Time spent: A long evening covered both cutting and sewing.

Comments: I think the pattern is one of Shwin Designs' earlier releases. I haven't tried any other of their patterns, so I don't know if they've improved. The instructions in the pattern are written in the same style of the blog, so if you like the tutorials and free patterns on the blog, then you'd probably do fine with the instructions. The photos are helpful, but the written instructions lack clarity and good sentence structure. That said, the pattern is perfect for a simple, cute, quick jumper and the pockets are awesome. This is actually the fourth time I've made it (a tunic for Stella last year and two dresses for nieces -- none blogged), so I must like it!

Linked up at sew + show at straightgrain. (Look! I figured out how to add a button! Thank you google.)

Thursday, November 27, 2014

Pattern review: Oliver + s lullaby layette jacket

Another Oliver + s pattern review. What can I say, if it ain't broke, don't fix it. The lullaby layette set has this jacket, a pair of pants, a bodysuit and a shirt. And it's equally cute on boys or girls as a whole bunch of bloggers proved when the pattern first came out.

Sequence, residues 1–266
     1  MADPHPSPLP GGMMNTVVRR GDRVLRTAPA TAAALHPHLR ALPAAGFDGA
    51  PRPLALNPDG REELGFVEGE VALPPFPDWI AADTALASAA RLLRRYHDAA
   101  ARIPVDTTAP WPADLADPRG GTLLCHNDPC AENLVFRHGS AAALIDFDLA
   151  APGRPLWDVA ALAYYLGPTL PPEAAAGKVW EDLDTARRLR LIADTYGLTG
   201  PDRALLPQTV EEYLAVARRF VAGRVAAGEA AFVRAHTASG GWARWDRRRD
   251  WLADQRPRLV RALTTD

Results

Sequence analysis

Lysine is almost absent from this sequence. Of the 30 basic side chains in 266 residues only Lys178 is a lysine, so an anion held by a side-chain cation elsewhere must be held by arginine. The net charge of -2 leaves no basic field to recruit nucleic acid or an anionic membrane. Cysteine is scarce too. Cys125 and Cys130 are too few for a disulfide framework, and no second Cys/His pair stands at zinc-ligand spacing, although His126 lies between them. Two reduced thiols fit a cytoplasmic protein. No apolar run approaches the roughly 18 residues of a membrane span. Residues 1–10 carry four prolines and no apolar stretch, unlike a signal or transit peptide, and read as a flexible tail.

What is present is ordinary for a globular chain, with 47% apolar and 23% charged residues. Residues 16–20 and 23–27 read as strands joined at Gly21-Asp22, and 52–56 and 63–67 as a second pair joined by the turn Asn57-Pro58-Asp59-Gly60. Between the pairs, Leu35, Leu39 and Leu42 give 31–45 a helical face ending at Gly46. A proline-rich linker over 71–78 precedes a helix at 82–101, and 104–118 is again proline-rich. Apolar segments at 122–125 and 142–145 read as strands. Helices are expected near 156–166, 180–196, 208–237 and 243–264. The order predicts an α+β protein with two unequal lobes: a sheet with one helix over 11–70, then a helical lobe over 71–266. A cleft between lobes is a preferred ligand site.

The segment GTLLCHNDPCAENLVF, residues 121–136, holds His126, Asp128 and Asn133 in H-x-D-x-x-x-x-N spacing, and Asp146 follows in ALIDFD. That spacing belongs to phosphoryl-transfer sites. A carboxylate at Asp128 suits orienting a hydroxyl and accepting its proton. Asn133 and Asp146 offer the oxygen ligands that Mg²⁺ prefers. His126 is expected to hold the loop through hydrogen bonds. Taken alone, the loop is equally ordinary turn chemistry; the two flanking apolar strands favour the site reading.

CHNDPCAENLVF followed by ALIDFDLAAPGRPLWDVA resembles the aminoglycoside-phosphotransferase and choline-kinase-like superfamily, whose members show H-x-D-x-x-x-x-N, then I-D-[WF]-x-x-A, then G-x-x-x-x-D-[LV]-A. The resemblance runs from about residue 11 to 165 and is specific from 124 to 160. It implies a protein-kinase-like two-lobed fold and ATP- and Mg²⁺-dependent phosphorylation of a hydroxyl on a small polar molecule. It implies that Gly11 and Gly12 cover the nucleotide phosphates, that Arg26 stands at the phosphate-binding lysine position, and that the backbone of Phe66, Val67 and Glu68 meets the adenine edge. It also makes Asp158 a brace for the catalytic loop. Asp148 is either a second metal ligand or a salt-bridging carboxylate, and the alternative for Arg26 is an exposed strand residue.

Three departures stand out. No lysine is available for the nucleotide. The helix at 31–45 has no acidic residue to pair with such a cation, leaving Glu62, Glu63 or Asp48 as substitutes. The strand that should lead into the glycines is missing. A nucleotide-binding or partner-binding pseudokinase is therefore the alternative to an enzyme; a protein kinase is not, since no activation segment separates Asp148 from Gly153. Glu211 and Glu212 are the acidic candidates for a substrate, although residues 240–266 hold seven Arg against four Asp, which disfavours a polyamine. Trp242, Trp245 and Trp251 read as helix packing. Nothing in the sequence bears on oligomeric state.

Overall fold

I made the jacket along with the free baby leggings pattern from go to patterns for my newest niece. When it was passed around at the baby shower my aunt gave me an A+ (and that's a big deal because she used to teach home economics). Woohoo! It was so adorable that I made a second jacket to match for Charlotte to wear this winter in a 12-18 month size.  
Pink and white strips on the reverse. Oh, it's reversible, by the way.

I added this little detail to the leggings. It was inspired on pinterest by this, and it added a nice touch that made it into an outfit. I made the leggings from this ponte de roma from Girl Charlee. Sewing with this stuff is awesome and it has great recovery, but some leggings I made for Stella from it have pilled from the dryer (you're not actually supposed to dry it. Says it right on the website and I chose to roll the dice. Wah wah waaaaah).

And here's Char in her jacket. It's the perfect weight for our mild winters.